Brexit 'not to blame' for supply crisis says Andrew Bridgen
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The late-night satirical heute-show has made fun of Brexit Britain for the labour shortages, empty shelves in supermarkets and queues at some fuel stations. Comedian and host Oliver Welke blamed the lack of EU HGV drivers for the issues and claimed leaving the bloc had not worked out as planned.
Fellow comic Lutz van der Horst even acted out a scene of himself learning to drive a lorry in Northern Ireland.
The timely reference to Northern Ireland comes amid an ongoing spat between London and Brussels over the implementation of post-Brexit rules.
Mr van der Horst joked he would be glad to lend a hand as the Prime Minister and Brexit has “provided so much material for our show”.
The heute-show tweeted: “It’s not nice to gloat, but we’re making an exception for Boris Johnson.
“So much for ‘after Brexit everything will be better’!
“Now there is a lack of Eastern European lorry drivers who drove fuel to the garages until Johnson no longer wanted them.”
Mr Welke added: “In addition to the recurring empty shelves in supermarkets, there are now also endless queues in front of garages.
“Why? Eastern European lorry drivers are missing who used to transport fuel until recently, until Boris no longer wanted them.
“In their desperation, the Brits now wrote to Germans living on the island to ask them to drive lorries with their German driving licence.”
Later in the episode, Mr van der Horst acted out a sketch as he gets behind the wheel of a lorry – despite not driving a car for 20 years.
He then jokes: “Boris Johnson and the Brexiteers have provided so much material for our show.
“I don’t mind helping out when they have delivery problems.”
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The comedy takedown comes as supply chains are squeezed around the world – and not just in the UK.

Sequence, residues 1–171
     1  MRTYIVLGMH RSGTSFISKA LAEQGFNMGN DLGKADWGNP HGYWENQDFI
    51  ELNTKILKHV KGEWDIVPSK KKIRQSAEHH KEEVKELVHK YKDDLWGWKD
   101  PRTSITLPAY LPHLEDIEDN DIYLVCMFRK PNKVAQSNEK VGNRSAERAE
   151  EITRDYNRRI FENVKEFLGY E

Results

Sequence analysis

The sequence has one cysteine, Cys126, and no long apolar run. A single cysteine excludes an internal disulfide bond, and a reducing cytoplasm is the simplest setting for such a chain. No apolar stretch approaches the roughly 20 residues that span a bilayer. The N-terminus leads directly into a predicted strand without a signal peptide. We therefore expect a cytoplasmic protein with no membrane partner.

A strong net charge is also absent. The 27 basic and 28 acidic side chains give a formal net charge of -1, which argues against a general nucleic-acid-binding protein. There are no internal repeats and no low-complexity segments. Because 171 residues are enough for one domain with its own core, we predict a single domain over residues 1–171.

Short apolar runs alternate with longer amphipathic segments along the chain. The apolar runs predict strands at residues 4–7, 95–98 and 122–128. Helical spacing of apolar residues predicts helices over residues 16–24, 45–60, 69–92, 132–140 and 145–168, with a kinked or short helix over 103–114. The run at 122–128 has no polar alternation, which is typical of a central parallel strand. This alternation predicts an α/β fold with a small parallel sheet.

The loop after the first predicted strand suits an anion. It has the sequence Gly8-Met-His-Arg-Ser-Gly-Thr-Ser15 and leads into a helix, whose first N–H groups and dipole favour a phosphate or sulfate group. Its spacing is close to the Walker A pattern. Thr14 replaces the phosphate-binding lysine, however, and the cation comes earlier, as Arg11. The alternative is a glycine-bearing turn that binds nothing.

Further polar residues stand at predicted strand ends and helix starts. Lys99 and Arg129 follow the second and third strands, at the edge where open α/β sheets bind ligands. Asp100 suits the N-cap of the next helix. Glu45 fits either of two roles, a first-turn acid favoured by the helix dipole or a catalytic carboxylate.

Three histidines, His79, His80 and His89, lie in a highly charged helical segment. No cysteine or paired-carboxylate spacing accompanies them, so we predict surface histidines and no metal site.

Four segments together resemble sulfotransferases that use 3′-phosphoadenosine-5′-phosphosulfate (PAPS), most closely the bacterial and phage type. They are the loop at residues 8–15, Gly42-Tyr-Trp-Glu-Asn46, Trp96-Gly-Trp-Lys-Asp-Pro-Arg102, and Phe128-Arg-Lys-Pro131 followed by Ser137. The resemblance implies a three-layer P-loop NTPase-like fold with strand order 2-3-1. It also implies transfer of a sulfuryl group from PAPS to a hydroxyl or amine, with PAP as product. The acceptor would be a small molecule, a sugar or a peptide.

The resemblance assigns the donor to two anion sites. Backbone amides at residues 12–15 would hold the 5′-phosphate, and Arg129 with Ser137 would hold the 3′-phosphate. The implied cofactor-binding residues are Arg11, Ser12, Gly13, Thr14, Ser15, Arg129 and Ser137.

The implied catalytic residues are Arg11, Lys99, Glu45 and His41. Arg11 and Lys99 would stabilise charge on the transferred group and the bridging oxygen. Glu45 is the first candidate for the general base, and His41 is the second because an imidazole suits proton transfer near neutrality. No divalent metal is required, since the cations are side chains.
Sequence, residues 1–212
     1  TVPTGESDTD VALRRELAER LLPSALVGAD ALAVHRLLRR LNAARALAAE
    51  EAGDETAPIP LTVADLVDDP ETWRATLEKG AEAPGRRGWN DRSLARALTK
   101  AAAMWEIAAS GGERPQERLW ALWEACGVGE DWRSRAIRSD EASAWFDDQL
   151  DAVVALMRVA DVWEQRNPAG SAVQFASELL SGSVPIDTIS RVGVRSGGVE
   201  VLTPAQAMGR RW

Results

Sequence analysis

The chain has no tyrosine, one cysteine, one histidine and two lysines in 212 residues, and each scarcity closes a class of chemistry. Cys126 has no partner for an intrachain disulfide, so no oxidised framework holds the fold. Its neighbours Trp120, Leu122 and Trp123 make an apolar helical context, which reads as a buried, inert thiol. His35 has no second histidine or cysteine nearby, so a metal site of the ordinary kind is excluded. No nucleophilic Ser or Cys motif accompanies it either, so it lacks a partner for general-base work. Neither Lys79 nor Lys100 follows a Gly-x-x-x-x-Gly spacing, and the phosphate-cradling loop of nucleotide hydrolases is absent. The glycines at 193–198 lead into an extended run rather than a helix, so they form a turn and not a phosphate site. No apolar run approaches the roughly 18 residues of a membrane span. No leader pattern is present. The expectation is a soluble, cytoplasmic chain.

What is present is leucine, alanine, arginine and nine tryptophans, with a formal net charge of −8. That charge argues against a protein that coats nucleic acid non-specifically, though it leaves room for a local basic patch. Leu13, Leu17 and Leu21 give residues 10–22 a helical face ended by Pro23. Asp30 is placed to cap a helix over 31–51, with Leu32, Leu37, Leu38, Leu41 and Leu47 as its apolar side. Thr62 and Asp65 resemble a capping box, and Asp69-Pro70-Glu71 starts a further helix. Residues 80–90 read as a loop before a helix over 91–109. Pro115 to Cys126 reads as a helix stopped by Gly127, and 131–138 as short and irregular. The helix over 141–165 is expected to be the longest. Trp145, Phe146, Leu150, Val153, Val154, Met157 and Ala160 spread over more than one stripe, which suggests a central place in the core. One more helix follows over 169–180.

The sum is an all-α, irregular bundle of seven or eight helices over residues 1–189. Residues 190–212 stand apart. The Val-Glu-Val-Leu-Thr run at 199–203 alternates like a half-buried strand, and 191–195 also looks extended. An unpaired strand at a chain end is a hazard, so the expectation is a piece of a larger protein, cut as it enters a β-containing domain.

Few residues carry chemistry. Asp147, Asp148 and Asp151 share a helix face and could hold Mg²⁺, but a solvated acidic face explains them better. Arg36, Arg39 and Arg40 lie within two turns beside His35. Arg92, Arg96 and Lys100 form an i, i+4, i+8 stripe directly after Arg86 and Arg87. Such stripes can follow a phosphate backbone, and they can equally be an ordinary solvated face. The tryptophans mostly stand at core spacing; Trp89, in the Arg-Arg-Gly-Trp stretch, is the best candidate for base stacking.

Markets across Europe, the US and Asia are all edging closer towards pre-pandemic levels as coronavirus restrictions continue to ease.
The reopening has triggered global demand for products and services to increase at the same time – and coincides with the already busy festive season.
The coronavirus pandemic caused the closure of many ports and borders, with the effects of the backlog yet to be cleared.
Meanwhile, supply chains were already strained following the blockage of the Suez Canal – one of the world’s largest shipping lanes – for over a week in March.
Now the Port of Los Angeles – the busiest container port in the Western Hemisphere – has reported cargo levels are 30 percent higher in 2021.
In September, the hub was forced to hold 60 vessels at anchor or adrift as they waited to be unloaded.
Veteran broadcaster Andrew Neil issued a warning for the festive season across the Atlantic.
He said: “Major problems with US supply chains cause a massive build-up of container ships off Los Angeles and Long Beach ports. Predictions of Christmas shortages in shops.”
Additional reporting by Monika Pallenberg.
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